HK$260m cocaine haul concealed in planks
Customs officers have made their largest ever cocaine seizure - 290kg of the drug hidden inside two containers that arrived from Bolivia.
The consignment, with an estimated street value of HK$260 million, was concealed in 88 hollowed-out wooden planks that were mixed among about 10,000 planks.
The haul, on December 29, is the second largest in the city's history. Police seized 372kg of cocaine last April. Including the latest find, Hong Kong authorities confiscated at least 845kg of cocaine last year, about seven times more than the 121kg seized in 2009. A total of 64kg of cocaine was found in 2008.
John Lee Cheung-wing, head of the Customs Drug Investigation Bureau, announced the latest seizure yesterday after seeking help from mainland authorities in investigating a trading company in Qingyuan , Guangdong, which was named as a recipient of the shipment.
So far, no one has been arrested in connection with the case. Inquiries, with the help of mainland authorities and the US drug enforcement agency, are continuing.
'We have some clues to the case. It is possible arrests will be made soon,' Lee said.
Although Hong Kong authorities last year confiscated three large hauls of cocaine destined for other countries, Lee said: 'There is no evidence indicating that Hong Kong is being used as a drug trafficking transit centre.'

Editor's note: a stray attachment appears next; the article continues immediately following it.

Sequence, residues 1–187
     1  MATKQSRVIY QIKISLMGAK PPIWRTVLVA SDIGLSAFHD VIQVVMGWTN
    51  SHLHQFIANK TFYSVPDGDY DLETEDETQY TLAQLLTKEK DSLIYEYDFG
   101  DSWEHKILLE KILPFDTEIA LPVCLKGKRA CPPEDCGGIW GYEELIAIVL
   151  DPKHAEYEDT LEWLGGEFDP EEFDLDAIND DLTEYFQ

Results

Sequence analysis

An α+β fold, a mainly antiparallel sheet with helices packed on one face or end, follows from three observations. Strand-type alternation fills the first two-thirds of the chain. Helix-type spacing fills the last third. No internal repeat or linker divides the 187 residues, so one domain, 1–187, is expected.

He said the shipment in last month's haul was scheduled for re-export to Qingyuan early this month, but no one came to collect the consignment.
It came from Bolivia and was trucked to Chile where it was loaded onto a container ship. It arrived via Taiwan on December 27 and was inspected by customs officers at a Kwai Chung container terminal two days later.
Hidden in each of the 88 hollowed out wooden planks were three slabs of cocaine in plastic wrap and carbon paper. Each slab weighed 1.1kg.
Carbon paper is used to escape detection by X-ray machines. Lee said the plastic wrap and glue were probably used to prevent detection by sniffer dogs.
Describing the concealment method as sophisticated, Lam Tak-fai, head of Customs Ports Control Group, said the shipment was checked because officers were suspicious about finished wooden products being imported from South America. 'It is common for timber and logs to be imported from South America but it's rare to see processed wooden products,' he said.
It was difficult to find the haul because the hollowed-out wooden planks were intermingled with 10,000 genuine planks.
The drugs were found after 20 pallets loaded with 10,000 wooden planks were removed from two containers. Two sniffer dogs gave them a positive indication. Lam said it took a team of 15 officers more than 12 hours to X-ray all the planks and to open the hollowed-out ones.